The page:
Thank goodness I've got my sister behind me on this show. If it weren't for her many fabulous ideas and gettin-it-done-ness, I'd be that much further behind right about now. Of course, I wouldn't be anywhere without my wonderful husband, RK, who has got the technical side of things under control(*update: RK just finished designing the show postcard and my business card--which i'll post soon, but for now, just know, they are GORGEOUS!Thank you RK!) and will be the first line of printing all the product. So, between my big sister and RK, I know it'll be a hit.
Kaari, who is also the magic (with her husband, Jon) behind this might just be considered the queen of craftivity (full disclosure: i stole that word!).
Kaari and I worked together for almost ten years in NYC. We had a jewelry business, with lots of employees, lots of customers, and lots and lots of work. What we really wanted to do was lots of travel, lots of junk shopping, and drink lots of wine. We managed to find time for those things, too, but not in the quantity that we'd hoped for as owners of a business. So, we closed up the studio on 24th Street, whittled down the personnel, created new hours for ourselves and moved to Crosby Street to open up a little shop called French General. It was a good time. We traveled, we shopped, we drank wine. Eventually, we were looking for another change and that came in the form of moving to the west coast, back to where we came from (sort of). Kaari re-opened F.G. in Hollywood and I carved out a little world for myself in SF. The great thing is that we never stopped collaborating on projects. I often call her and say, "what do you think of fruit these days? is marine life all played out? i'm thinking of going with a bird theme..." In turn, I head down to FG and usually turn things upside down and try to convince her that she should try this or that in the shop.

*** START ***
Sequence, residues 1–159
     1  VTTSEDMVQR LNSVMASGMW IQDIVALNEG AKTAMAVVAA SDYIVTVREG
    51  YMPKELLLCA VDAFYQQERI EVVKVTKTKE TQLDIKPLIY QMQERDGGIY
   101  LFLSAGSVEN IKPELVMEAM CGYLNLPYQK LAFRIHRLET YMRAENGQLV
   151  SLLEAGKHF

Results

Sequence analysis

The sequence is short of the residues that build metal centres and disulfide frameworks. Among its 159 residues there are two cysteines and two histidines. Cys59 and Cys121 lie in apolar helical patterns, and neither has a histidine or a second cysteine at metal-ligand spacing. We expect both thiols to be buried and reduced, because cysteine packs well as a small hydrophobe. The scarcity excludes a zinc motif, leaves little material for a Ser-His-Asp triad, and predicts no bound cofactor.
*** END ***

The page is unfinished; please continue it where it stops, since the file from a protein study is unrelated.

So, when I called her and said my little card company, 8mm ideas, had been accepted to the NSS trade show and asked her if she'd work it with me, first, we jumped up and down with joy....then, we laughed our heads off. We were going back in. See, one thing we did do lots and lots of were trade shows. There are hundreds of these things, around the world, all the time. We did the same trade show, every year, three times a year, at the Jacob Javitz Center. Now, if you've never been to a trade show... how can I describe it? It's like living in a Vegas lounge (but without the free drinks or the slot machines) for four days straight, combined with a high school reunion (but you have to wear the name tag and you have to talk to everyone!). They're rough. You're on your feet, 9-6, hawking your wares and hoping for sales. The shows are a huge investment, monetarily, physically, mentally, but they can also be worth it. They can be the one giant leap that your hopeful, little business needs.
But you've gotta have something to grab the people. Kaari and I were always trying to out-do the last booth we did. It's a 6x10 booth with two draped curtains and industrial rug under your feet. That's it. That's what you get for all that investment. So, it's up to you to create a world inside those 60 sq feet. Luckily, Kar and I would like to imagine we're anywhere but in the Javitz, so we usually create a space that we could live in (if we had to) for a week. One year we had the Madonna's Ray of Light theme, another was the taxidermy/mourning theme. We brought lamps and birdcages and couches and rugs. We'd be up til 3am the night before, sewing buttons on cards to give away a 'goodie' to good customers. But we were old hats at it, people would come looking for us, we had an established product.
This time, it's all new. I've never introduced/exposed my card line on this level. So, there's a sense of excitement that we'd lost from the past. We've both got a new outlook on the show (with some of the old trade-show survival outlooks firmly intact, thank goodness!). And, when Kaari said to me, "let's show the cards differently than anyone else..." I was open, but wondered what she meant. And then, the 'sample' panel arrived in the mail. I opened the box, took out the rolled up panel and sucked in my breath! It was perfect. It's beautiful. It's gonna rock.
we'll be doing a number of these panels, with a number of these pockets
each sewn individually. We went over the details, right down to the brown thread and the zigzag design that will hold each pocket onto this fabulous old hemp. It's going to be like an old carny theme. My mom is going to paint a big ole beautiful sign that can be rolled out and hung, as well, listing: goods, wares, and wonders! Kaari's helping me plan the whole thing: the tiny clipboards we'll use, the old hemp aprons we'll be wearing, and the inspiration bits and pieces that are pinned around. And, of course, we'll be giving out goodies! If you find yourself in NYC May 21st-24th, you can find us, 8mm ideas, in booth 1973.